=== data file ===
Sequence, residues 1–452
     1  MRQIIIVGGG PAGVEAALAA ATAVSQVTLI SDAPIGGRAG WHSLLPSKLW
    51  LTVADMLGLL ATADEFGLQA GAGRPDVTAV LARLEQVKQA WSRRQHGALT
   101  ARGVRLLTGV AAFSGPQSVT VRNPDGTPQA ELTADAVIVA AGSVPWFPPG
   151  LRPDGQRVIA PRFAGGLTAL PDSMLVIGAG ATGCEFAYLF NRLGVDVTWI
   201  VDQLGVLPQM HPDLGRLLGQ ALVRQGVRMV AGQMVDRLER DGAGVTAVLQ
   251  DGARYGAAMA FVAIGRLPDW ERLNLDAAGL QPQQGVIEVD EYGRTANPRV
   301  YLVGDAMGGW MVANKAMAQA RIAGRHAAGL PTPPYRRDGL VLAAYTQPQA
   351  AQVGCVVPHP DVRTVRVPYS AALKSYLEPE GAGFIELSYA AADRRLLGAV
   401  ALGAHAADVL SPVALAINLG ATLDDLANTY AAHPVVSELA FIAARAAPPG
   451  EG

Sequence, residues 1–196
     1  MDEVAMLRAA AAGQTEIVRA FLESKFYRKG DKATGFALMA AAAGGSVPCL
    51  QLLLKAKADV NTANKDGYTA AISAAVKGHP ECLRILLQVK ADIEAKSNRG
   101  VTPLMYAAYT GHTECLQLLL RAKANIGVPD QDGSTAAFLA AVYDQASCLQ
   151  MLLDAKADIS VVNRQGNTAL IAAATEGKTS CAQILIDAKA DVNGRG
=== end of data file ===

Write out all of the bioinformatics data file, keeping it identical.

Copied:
Sequence, residues 1–452
     1  MRQIIIVGGG PAGVEAALAA ATAVSQVTLI SDAPIGGRAG WHSLLPSKLW
    51  LTVADMLGLL ATADEFGLQA GAGRPDVTAV LARLEQVKQA WSRRQHGALT
   101  ARGVRLLTGV AAFSGPQSVT VRNPDGTPQA ELTADAVIVA AGSVPWFPPG
   151  LRPDGQRVIA PRFAGGLTAL PDSMLVIGAG ATGCEFAYLF NRLGVDVTWI
   201  VDQLGVLPQM HPDLGRLLGQ ALVRQGVRMV AGQMVDRLER DGAGVTAVLQ
   251  DGARYGAAMA FVAIGRLPDW ERLNLDAAGL QPQQGVIEVD EYGRTANPRV
   301  YLVGDAMGGW MVANKAMAQA RIAGRHAAGL PTPPYRRDGL VLAAYTQPQA
   351  AQVGCVVPHP DVRTVRVPYS AALKSYLEPE GAGFIELSYA AADRRLLGAV
   401  ALGAHAADVL SPVALAINLG ATLDDLANTY AAHPVVSELA FIAARAAPPG
   451  EG

Sequence, residues 1–196
     1  MDEVAMLRAA AAGQTEIVRA FLESKFYRKG DKATGFALMA AAAGGSVPCL
    51  QLLLKAKADV NTANKDGYTA AISAAVKGHP ECLRILLQVK ADIEAKSNRG
   101  VTPLMYAAYT GHTECLQLLL RAKANIGVPD QDGSTAAFLA AVYDQASCLQ
   151  MLLDAKADIS VVNRQGNTAL IAAATEGKTS CAQILIDAKA DVNGRG